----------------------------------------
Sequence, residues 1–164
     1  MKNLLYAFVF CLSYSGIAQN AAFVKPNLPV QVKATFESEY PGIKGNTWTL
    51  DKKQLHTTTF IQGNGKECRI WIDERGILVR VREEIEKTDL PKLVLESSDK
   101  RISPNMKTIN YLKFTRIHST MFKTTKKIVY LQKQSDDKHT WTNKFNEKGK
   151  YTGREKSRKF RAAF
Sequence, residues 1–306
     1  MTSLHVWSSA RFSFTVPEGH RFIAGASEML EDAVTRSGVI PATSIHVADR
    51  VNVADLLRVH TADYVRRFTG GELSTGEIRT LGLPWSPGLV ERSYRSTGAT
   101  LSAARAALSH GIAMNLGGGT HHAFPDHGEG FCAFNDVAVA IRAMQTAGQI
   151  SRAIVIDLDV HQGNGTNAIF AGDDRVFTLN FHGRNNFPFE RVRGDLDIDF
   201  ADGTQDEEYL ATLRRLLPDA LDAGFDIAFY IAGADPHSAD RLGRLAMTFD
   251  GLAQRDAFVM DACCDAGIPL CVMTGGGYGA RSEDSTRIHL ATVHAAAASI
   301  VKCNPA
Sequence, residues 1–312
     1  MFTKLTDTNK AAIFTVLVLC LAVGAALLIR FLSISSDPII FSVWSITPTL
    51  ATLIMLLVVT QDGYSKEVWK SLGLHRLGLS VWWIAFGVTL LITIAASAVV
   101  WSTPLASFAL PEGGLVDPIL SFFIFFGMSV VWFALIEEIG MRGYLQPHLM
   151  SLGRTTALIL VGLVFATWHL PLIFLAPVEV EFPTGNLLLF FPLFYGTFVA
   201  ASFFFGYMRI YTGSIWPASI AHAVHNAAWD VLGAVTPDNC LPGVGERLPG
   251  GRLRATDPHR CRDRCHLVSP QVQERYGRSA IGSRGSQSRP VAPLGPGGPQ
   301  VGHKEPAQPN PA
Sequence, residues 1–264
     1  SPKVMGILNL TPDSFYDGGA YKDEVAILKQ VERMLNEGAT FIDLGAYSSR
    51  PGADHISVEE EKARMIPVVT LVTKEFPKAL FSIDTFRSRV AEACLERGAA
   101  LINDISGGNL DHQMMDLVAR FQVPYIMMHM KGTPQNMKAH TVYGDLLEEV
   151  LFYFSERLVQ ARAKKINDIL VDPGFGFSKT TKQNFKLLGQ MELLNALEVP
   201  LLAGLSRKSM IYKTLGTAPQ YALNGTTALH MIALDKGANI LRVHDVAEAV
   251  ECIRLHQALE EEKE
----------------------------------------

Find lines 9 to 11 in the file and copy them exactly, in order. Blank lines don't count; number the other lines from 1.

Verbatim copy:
   101  LSAARAALSH GIAMNLGGGT HHAFPDHGEG FCAFNDVAVA IRAMQTAGQI
   151  SRAIVIDLDV HQGNGTNAIF AGDDRVFTLN FHGRNNFPFE RVRGDLDIDF
   201  ADGTQDEEYL ATLRRLLPDA LDAGFDIAFY IAGADPHSAD RLGRLAMTFD